Organisers cancel controversial far-right Jerusalem march amid police dispute, Hamas threats

Organisers cancel controversial far-right Jerusalem march amid police dispute, Hamas threats
Far-right Israeli cancelled their controversial Jerusalem Day march after a dispute with the police over the route.
2 min read
The far-right parade has been cancelled [Getty]

Right-wing Israeli pro-settler groups scrapped a controversial march that was to take place this week in Jerusalem, a spokesperson said, as Hamas warned of renewed violence if the event took place.

The so-called March of the flags was due to take place on Thursday and proceed through flashpoint spots in Israeli-occupied east Jerusalem.

News of its cancellation came as Khalil Hayya, a senior Hamas figure of the Palestinian group Hamas, warned the march could spark new violence. It was not clear if the cancellation was linked to his remarks.

"Police refused to give us authorisation," a spokesperson for one of the groups organising the march said, prompting a cancellation of the event.

Israeli police said in a statement that "the current route at this time is not approved", without adding that the march had been scrapped.

"We warn the occupation (Israel) against letting the march approach east Jerusalem and Al-Aqsa Mosque compound on Thursday," Hayya said.

"We hope the message is clear so that Thursday doesn't become (a new) May 10," he said, in about the start of last month's 11-day war between Israel and Hamas, the Islamist group that rules the Gaza Strip.

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Right-wing organisers described the march as a routine demonstration of free expression, but many critics feared it could set a match to already inflamed tensions, that have come as a result of Israel's forced expulsion of Palestinians in the East Jerusalem neighbourhoods of Sheikh Jarrah and Silwan.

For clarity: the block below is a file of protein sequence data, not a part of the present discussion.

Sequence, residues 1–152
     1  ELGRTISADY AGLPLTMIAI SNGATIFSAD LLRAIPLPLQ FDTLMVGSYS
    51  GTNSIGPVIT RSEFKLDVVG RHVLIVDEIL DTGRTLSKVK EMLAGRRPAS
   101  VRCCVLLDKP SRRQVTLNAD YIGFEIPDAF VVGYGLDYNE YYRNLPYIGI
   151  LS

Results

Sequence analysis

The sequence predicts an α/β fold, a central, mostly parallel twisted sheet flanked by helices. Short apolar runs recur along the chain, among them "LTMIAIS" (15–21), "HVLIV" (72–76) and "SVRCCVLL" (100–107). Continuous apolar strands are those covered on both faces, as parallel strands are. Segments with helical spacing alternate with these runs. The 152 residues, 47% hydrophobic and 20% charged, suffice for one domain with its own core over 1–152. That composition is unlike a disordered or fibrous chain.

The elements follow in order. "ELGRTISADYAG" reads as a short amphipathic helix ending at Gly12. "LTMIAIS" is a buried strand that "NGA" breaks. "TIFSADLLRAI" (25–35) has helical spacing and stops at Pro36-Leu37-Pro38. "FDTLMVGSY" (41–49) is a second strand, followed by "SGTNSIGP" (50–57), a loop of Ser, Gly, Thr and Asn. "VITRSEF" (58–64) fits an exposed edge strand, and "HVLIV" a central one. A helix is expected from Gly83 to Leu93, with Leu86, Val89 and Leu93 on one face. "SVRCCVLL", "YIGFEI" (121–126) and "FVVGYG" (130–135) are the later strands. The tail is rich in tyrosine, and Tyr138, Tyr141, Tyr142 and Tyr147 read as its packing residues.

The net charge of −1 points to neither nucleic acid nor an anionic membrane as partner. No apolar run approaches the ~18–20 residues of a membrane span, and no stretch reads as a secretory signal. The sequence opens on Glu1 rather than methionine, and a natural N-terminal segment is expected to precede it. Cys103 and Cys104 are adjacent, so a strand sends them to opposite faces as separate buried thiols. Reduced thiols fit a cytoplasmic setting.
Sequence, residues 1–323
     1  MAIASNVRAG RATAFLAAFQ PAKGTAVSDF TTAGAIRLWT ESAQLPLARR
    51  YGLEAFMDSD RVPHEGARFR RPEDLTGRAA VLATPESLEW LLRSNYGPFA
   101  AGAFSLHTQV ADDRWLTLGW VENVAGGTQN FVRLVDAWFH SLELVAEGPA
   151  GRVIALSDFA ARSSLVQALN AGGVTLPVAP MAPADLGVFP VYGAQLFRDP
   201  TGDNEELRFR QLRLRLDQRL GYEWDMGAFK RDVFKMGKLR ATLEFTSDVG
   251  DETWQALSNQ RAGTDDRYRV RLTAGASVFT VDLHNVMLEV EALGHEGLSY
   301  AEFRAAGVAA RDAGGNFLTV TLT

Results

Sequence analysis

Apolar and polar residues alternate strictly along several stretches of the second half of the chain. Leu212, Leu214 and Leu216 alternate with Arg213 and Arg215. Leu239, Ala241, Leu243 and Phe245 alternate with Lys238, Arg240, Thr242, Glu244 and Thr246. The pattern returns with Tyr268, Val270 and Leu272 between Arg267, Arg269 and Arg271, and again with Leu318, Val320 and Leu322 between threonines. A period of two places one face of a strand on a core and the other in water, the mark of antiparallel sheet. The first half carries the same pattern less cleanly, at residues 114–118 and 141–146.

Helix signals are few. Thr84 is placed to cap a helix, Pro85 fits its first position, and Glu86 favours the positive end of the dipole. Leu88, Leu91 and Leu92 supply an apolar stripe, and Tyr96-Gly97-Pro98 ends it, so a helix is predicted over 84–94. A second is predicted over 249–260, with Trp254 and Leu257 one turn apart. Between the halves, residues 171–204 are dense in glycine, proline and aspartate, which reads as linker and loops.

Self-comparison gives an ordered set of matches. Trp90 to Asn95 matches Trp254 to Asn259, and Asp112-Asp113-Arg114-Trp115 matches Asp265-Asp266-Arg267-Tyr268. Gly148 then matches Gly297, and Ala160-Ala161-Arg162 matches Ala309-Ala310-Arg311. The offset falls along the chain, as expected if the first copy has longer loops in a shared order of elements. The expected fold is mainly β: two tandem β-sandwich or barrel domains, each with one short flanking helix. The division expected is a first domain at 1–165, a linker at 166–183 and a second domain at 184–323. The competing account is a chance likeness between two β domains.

Israeli Defence Minister Benny Gantz had urged police to cancel it over concerns it could reignite fighting.

Thursday's march was set to pass through the Damascus Gate, where May clashes between anti-settlement demonstrators and Israeli security forces were a factor in fuelling the war.

A flag march scheduled for May 10 was quickly broken up that day after Hamas began firing volleys of rockets at Israel which responded with deadly air strikes.

That march was to mark "Jerusalem Day" and commemorate what Israelis consider as the "reunification" of the occupied city following the 1967 Six-Day War, when it unlawfully seized east Jerusalem before annexing it.

During the 1967 war, Israel occupied the West Bank, East Jerusalem, Syria’s Golan Heights and Egypt’s Sinai Peninsula, which was later returned to Egypt under the terms of a peace deal.

From May 10 to May 21 Israeli strikes on Gaza killed 260 Palestinians, including 66 children and some fighters, and wounded over 1,900 people, the Gaza health ministry says.

Rockets and other fire from Gaza have killed 13 people in Israel, medics and the military say. Some 357 people in Israel were wounded.